From Jekyll to Hugo, from Travis to Gitlab: a time for changes

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Intro In the last 50 days I had to work a lot for many… many different reasons. The main ones: I was accepted as a Speaker at FullStackConf19 in Turin, talking about coding in mobility. You can find the slide of my speech here and the material I prepared the talk in this Github repo. By the way, I was truly inspired by some of the talks during the conference, and I started brainstorming around the next post; I moved back to Italy and trust me -> it was a pretty complex goal to achieve, with particular regards to my car; I joined Enerbrain and I’m really having fun with theme building smart-energy solution as a Devops Engineer; I joined a softball team - yes, it’s mixed, but it’s officially played also by men hahe.


Time to say good bye

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Prelude In the last two months, many things happened in my life, so this is the reason I wasn’t able to dedicate a lot of time to my blog. What can I say… I’ve been in South Africa, and I literally lived experiences I will never forget and cannot be described. I visited the Blyde Canyon and the Rain Forest. I made so many safaris, I saw the elephants in the morning washing and drinking from the river, the giraffes, I saw the warthogs - and by the way, they are exactly as Pumba in the Lion King by Disney - the lion, which was about to attack the buffalos, I found the white rhinos, the hyenas and the leopards.


The Good Employee, a story about how you can explain modern companies with graph theory

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Prelude This is a twin post of - I guess - a good one that I wrote a long time ago: I was just surfing the blog thinking about all I would like to do, and I came to my old thoughts. I was curious, you know? so I read it, and read it once again, I reflected a bit on it - and I found it inspiring in a sense: even better, I would say I found myself surprised to agree with myself of almost 1 year and a half ago, in most of the things I wrote.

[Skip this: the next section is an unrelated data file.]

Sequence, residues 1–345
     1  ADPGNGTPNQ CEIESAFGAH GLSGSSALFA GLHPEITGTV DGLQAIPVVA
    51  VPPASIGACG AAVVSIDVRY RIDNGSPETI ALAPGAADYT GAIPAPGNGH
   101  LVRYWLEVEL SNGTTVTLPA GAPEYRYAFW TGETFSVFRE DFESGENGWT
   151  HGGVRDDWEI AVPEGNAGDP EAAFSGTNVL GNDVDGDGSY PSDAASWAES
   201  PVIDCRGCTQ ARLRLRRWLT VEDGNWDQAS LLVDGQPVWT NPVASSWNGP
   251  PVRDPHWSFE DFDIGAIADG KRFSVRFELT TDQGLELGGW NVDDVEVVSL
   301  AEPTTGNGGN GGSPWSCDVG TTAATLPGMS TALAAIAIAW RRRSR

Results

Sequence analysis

My team run VSC in the browser and they are just fine - Part II

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Introduction In the first part of this series - I run VSC in the browser and I was just fine - I wrote many stupid things around the possibility of having a VSC server instance running inside AWS over a simple, immutable, ec2 instance. The template {that can be easily deployed by a Lambda function [that can be easily deployed behind a route53 record (that can be easily placed as the endpoint of a custom Slack action)]} let you start your IDE and code from wherever you would like to.


I run VSC in the browser and I am just fine - Part I

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Introduction Serverless and managed things are the best choices if you don’t want to deal with infrastructure (3 2 1: fight) buuuuut…even immutable things are not so bad for this purpose - at least, if they are immutable for real 🤣 Today I wanna talk about a useful way to run an instance(s) of VSC server in AWS and code from everywhere (yes, even your iPad): let’s start! This time I will go native: so no CDK, I’m sorry, but pure Cloudformation instead.